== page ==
However, the recent Autumn highlight in the village was a substantial, superbly organised and hugely entertaining 50th birthday party of a friend of ours.  The invitees were a mix of her relatives, long standing friends and more recently acquired friends from the village like ourselves.  The entertainment was a combination of a bar, a wonderful buffet, an open sided marquee with a dance floor, a DJ, a couple of fire eaters (believe it or not – see below!) and varied, if increasingly inebriated, conversation.  I’ve not danced so much for a decade and LSW and I both had great fun.

Local Fire Eating!

September has also been a time when I have reaped a harvest of onions and potatoes.  Both have been surprisingly productive given the lack of rain during much of the summer.  That shortage of rain hampered bean germination but judicious watering has saved some of the squash and chard. 

A Fraction Of This Year’s Garden Produce

Also, the dry, hot summer enabled me to grow a lot of tomatoes in an open vegetable plot for the first time since I left my allotment in London 25 years ago.  Inevitably perhaps, most of the tomatoes are very green but, with our climate inexorably warming, I will try tomato growing again next year.

Finally, as I have in previous years, I find I have to comment on the late summer/early autumn flowering of our remaining two dahlia plants.  I have simply never enjoyed cutting flowers and then displaying them in our kitchen/diner so much as I have these Café Au Lait dahlias.  Their blooms are large, subtly coloured and, once they start, simply go on and on until the first frost.  Now we are in October, those frosts will come soon enough but, for now, these dahlias continue to be a splendid echo of summer and a thoroughly rewarding aspect of Autumn.

Retirement Tourism

In August LSW and I went through our diaries to work out when we might be able to go away for a night or two to explore parts of the UK countryside. I was surprised to find LSW’s work and community commitments, plus my commitments to Forest Green Rovers fixtures, meant that we struggled to find two contiguous days when we could be away.

We ended up identifying two days earlier this week as the only dates we could get away before we head off to Australia for a month at the beginning of October. We decided to use the time to visit my parents in Nottingham and then go on to stay in Derbyshire and see Chatsworth House.

It was very good to see my parents – something we haven’t done enough even since I retired. They are coping well into their 80’s despite the aches and pains probably to be expected at this stage of life. Nottingham feels a long way away and so it was good to combine the visit with our first slice of real tourism since I retired.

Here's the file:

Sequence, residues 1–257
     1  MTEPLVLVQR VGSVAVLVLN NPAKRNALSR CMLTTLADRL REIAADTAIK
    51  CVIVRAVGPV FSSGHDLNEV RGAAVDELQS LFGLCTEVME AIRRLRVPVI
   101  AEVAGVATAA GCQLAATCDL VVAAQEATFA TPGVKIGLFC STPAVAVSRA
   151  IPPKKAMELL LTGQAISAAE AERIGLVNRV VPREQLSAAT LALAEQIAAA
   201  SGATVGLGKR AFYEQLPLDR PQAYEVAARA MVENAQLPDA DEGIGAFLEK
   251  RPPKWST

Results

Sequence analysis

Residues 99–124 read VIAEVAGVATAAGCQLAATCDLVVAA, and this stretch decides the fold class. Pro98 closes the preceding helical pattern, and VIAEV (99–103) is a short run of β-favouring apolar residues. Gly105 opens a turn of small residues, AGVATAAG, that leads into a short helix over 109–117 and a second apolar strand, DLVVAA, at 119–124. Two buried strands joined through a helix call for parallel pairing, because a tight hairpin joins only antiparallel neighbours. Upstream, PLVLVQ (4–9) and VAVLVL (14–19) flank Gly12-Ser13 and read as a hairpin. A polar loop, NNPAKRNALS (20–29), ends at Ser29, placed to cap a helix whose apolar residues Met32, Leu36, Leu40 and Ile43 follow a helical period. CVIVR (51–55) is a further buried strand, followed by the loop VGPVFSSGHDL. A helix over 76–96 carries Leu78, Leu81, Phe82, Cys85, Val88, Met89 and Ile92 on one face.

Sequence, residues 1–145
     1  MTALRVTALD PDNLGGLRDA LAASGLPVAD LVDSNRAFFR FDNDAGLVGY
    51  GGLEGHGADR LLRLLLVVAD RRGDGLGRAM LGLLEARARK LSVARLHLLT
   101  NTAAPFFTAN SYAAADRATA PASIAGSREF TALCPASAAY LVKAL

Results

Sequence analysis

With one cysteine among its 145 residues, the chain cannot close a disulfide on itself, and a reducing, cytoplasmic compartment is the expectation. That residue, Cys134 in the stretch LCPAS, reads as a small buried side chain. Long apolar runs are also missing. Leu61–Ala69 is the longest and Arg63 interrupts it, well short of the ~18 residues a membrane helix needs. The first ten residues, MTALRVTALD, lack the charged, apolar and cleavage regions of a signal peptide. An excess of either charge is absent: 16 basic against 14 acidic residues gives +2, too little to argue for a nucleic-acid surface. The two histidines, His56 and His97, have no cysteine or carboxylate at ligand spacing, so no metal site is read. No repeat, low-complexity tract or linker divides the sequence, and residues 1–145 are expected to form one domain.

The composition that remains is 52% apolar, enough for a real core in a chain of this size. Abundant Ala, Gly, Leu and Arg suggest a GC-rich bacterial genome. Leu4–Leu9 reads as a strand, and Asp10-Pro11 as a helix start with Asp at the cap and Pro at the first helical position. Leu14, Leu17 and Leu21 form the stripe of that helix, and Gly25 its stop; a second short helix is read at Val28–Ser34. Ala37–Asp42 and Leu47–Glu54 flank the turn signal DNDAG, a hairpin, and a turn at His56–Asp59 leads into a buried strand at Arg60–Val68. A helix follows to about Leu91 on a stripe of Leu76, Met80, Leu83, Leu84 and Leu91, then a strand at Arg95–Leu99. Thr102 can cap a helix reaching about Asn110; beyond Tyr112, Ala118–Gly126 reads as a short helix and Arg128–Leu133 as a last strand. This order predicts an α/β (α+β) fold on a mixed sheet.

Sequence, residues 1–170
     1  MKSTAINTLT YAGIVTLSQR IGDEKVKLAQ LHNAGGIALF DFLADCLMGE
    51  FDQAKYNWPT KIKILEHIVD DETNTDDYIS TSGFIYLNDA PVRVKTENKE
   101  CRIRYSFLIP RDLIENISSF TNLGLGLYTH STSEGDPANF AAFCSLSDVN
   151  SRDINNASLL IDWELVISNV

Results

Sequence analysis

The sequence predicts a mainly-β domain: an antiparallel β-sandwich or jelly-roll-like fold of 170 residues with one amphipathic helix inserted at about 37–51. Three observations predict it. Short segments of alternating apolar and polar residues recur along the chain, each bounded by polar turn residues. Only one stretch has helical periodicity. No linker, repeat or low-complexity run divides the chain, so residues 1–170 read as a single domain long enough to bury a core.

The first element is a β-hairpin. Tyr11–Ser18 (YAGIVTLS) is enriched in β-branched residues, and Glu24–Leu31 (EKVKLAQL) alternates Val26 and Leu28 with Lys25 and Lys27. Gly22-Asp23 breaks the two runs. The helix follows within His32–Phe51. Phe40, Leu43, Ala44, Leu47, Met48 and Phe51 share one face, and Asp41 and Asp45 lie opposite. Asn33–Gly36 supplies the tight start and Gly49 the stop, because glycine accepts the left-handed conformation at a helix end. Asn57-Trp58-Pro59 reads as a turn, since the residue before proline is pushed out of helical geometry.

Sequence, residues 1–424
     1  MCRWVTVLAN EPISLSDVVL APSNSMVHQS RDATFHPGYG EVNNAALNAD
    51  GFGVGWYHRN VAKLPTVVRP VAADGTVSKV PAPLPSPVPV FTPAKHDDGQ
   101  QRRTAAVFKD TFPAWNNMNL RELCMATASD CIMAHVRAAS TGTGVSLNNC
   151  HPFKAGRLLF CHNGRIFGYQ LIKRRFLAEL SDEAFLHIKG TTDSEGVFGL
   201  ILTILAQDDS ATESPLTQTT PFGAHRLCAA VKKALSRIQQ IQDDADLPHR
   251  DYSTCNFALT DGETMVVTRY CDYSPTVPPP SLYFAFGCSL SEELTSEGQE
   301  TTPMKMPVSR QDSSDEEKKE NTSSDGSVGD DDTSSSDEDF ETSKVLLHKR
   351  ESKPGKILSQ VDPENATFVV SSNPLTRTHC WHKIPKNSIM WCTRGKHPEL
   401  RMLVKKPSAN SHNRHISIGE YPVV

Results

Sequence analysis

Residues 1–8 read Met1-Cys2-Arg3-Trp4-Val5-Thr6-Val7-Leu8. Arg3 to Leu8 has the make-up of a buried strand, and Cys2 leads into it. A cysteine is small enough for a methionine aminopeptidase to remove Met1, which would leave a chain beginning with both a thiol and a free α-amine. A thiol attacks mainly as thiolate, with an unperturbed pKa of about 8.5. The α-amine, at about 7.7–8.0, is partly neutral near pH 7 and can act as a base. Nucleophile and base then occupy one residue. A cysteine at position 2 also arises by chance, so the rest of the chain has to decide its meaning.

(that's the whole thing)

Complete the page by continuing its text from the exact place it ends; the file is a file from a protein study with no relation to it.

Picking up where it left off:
We dined and stayed overnight in Stoney Middleton in the heart of the Peak District and which is the location of the legendary Lovers Leap. We walked to Eyam, the so called ‘Plague Village’. We also strode in the breeze along the dramatic Curbar Edge – a recommendation from my Dad. It was exhilarating there. It’s a landscape similar in some ways to our Cotswolds home, but also refreshingly different. It certainly reminded us of various TV and film re-enactments of scenes of contemplation and unrequited love from Victorian novels set ‘Up North’ (the breeze even gave me the teary eyes).

The Joe Wright film of Jane Austen’s Pride and Prejudice also came to mind when we visited Chatsworth House the following day. The house is set in terrific grounds. The views are archetypally English (designed by Capability Brown), the kitchen garden was full of produce and inspiring, and the house itself is breath-taking. The rooms were particularly good due to its lighting and a current fashion exhibition that was beautifully displayed and which brought the house to life.

It was a good couple of days of tourism. We have another couple of tourism days coming up in London next weekend – though that feels more like just going back to old stomping grounds – and then we have the Australia trip. It’s largely booked now and an exciting prospect.